Lenten Meditation

It Would Be Wise to Take Refuge In Him
This is the season of the year when the Christian Church particularly remembers the death, burial, and resurrection of the Lord of all the earth, even our Lord, Jesus Christ.  

The traditional dating is somewhat unusual in that it varies from year to year, although the same formula is applied.  Easter is determined by the lunar calendar, which is based on the phases of the moon.  Easter has a “general window” based on a combination of the movements of the sun and the moon.  The anchor celestial event is the spring equinox (if your perspective is from the northern hemisphere) or the autumn equinox (if your perspective is from the southern hemisphere.)

The spring equinox is when the sun crosses the celestial equator–the imaginary line in the sky above the Earth’s equator, as the sun heads from south to north.  So, Easter in the southern hemisphere is always observed in the autumn season as the prelude to winter.  In the northern hemisphere it is the reverse: Easter heralds the onset of spring and the coming summer.

Once the spring (or autumn) equinox has occurred, Easter falls on the first Sunday after the first full moon after the Spring Equinox around March 20.  Thus, it will always fall sometime between March 22 and April 25.  This year it falls on the 30th May through April 1st.

The precise date year on year is of no importance or significance.  Nor is the particular calculation formula.  If it were to be regarded as significant then probably it would be to reference historical Christian tradition and continuity–and little more. 

Nevertheless the events which are remembered are of the utmost significance for the hosts of heaven and earth.  Paul summarizes the significance for those chosen of God:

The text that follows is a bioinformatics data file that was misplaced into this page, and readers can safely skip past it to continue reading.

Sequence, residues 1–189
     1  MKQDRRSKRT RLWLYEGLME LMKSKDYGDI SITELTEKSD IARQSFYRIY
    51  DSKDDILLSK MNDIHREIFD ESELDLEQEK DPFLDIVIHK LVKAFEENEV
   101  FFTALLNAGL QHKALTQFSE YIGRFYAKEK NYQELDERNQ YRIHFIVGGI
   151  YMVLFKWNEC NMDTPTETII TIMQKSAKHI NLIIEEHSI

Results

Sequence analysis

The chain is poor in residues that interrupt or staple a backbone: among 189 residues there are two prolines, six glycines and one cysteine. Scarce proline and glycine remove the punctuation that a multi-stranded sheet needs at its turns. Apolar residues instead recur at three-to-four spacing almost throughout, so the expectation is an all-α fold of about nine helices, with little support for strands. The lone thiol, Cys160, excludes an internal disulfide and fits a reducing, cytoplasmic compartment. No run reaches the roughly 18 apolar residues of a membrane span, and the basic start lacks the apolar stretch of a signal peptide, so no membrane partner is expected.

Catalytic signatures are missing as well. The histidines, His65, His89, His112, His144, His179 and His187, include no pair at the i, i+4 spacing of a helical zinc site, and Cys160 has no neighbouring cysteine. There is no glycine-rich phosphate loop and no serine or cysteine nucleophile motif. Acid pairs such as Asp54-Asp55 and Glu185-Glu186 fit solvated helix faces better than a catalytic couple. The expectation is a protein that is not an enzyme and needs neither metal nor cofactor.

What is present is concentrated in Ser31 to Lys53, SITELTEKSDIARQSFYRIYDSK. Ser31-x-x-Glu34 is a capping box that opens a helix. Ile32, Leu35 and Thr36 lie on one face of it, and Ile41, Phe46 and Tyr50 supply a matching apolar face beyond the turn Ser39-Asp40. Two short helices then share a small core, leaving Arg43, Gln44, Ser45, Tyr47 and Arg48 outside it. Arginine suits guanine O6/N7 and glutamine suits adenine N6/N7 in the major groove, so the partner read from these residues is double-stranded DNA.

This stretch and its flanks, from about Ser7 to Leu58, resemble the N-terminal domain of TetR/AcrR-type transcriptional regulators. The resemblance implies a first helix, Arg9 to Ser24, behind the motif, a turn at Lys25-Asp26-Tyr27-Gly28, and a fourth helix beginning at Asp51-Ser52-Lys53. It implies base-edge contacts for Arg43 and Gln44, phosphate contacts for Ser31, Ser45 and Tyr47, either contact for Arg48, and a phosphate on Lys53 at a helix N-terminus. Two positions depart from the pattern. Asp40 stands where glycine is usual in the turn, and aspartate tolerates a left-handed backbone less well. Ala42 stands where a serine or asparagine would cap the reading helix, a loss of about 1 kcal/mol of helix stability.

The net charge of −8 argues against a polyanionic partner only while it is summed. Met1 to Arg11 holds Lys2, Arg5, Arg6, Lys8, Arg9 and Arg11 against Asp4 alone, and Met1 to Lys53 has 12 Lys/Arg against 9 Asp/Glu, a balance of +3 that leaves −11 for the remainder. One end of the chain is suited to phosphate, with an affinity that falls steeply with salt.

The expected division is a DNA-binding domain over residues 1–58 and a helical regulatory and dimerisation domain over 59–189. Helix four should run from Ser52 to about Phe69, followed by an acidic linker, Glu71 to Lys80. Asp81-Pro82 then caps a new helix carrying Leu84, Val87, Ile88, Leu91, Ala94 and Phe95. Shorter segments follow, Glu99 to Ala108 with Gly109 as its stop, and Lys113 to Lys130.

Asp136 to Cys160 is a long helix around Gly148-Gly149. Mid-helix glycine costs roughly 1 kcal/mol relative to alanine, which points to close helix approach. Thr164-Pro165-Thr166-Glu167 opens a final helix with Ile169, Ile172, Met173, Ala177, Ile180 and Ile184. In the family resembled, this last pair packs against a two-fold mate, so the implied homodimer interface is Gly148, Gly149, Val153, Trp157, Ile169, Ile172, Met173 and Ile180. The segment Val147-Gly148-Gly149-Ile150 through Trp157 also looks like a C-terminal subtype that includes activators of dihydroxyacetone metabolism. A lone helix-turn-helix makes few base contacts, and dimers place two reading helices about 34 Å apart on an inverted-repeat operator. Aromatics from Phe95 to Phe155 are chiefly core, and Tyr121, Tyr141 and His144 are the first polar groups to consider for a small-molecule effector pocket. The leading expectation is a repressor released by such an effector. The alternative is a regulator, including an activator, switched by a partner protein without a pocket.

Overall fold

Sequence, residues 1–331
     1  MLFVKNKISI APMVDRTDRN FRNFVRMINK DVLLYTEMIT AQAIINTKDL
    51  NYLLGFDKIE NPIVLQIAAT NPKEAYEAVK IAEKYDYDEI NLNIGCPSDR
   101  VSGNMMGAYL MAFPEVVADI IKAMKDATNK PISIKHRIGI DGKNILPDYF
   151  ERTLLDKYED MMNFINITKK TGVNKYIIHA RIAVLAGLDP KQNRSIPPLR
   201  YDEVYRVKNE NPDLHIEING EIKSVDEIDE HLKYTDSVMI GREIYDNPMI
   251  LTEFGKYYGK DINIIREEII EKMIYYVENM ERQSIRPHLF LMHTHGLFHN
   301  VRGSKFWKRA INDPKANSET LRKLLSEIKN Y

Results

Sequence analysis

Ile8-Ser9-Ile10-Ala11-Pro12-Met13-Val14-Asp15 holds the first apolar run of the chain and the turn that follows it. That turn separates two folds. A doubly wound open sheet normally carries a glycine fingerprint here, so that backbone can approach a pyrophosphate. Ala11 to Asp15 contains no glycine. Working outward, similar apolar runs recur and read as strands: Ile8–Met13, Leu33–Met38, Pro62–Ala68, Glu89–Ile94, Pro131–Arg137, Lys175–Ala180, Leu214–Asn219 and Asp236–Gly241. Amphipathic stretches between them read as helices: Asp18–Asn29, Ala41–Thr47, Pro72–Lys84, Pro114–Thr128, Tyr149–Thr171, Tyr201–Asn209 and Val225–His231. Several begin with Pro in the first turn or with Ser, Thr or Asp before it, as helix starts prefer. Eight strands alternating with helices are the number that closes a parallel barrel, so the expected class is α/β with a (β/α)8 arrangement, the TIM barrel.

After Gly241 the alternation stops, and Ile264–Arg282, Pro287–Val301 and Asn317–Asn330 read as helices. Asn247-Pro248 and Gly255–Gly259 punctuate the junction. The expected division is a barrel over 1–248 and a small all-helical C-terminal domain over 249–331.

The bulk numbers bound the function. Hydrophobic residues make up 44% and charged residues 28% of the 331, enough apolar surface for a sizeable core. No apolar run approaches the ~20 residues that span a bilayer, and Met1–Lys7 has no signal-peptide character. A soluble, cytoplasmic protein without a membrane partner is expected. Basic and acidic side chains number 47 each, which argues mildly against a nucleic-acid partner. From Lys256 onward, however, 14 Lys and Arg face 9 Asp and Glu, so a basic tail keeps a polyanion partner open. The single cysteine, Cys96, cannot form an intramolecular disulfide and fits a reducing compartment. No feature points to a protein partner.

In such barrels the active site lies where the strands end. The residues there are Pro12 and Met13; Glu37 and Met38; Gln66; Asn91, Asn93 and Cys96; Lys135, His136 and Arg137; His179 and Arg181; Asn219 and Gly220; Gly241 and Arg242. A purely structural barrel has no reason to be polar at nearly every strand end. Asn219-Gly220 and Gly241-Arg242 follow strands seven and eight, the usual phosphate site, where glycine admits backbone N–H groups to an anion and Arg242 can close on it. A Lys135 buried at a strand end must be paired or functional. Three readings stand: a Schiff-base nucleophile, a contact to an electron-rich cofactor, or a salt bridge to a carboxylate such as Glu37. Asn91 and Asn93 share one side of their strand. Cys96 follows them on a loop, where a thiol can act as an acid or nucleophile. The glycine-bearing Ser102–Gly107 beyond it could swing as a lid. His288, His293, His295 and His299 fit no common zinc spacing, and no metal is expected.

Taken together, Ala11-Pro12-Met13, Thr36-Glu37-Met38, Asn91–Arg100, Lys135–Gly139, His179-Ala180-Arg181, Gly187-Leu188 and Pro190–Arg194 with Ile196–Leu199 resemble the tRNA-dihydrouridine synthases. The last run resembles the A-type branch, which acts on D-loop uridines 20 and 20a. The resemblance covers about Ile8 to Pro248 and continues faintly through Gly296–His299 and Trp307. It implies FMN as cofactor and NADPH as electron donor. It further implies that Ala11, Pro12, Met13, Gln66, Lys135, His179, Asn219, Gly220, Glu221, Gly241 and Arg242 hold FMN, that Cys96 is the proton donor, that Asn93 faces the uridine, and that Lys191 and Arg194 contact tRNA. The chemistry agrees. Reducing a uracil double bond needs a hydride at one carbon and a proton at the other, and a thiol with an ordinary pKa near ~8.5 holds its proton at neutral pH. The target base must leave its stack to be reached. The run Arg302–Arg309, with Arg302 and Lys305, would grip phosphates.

What then shall we say to these things? If God is for us, who can be against us?  He who did not spare his own Son but gave him up for us all, how will he not also with him graciously give us all things?  Who shall bring any charge against God’s elect? It is God who justifies.  Who is to condemn? Christ Jesus is the one who died—more than that, who was raised—who is at the right hand of God, who indeed is interceding for us.  [Romans 8: 31-34]

Peter adds:

For Christ also suffered once for sins, the righteous for the unrighteous, that he might bring us to God, being put to death in the flesh but made alive in the spirit . . . who has gone into heaven and is at the right hand of God, with angels, authorities, and powers having been subjected to him.  [I Peter 3: 18-22]

Upon these things the entire creation turns.  These things are the adamant the indestructible and certain realities that every living being will, in the end, be brought to acknowledge. 

It is appropriate at Easter to stand back and take the broader, higher view, whilst we take our refuge in Him:

Why do the nations rage and the peoples plot in vain?  The kings of the earth set themselves, and the rulers take counsel together,  against the Lord and against his Anointed, saying,  “Let us burst their bonds apart  and cast away their cords from us.”

He who sits in the heavens laughs; the Lord holds them in derision.  Then he will speak to them in his wrath,  and terrify them in his fury, saying,  “As for me, I have set my King on Zion, my holy hill.”

I will tell of the decree: The Lord said to me, “You are my Son; today I have begotten you.  Ask of me, and I will make the nations your heritage,  and the ends of the earth your possession.  You shall break them with a rod of iron  and dash them in pieces like a potter’s vessel.”

Now therefore, O kings, be wise;  be warned, O rulers of the earth.  Serve the Lord with fear, and rejoice with trembling.  Kiss the Son,  lest he be angry, and you perish in the way,  for his wrath is quickly kindled.

Blessed are all who take refuge in him.  [Psalm 2]

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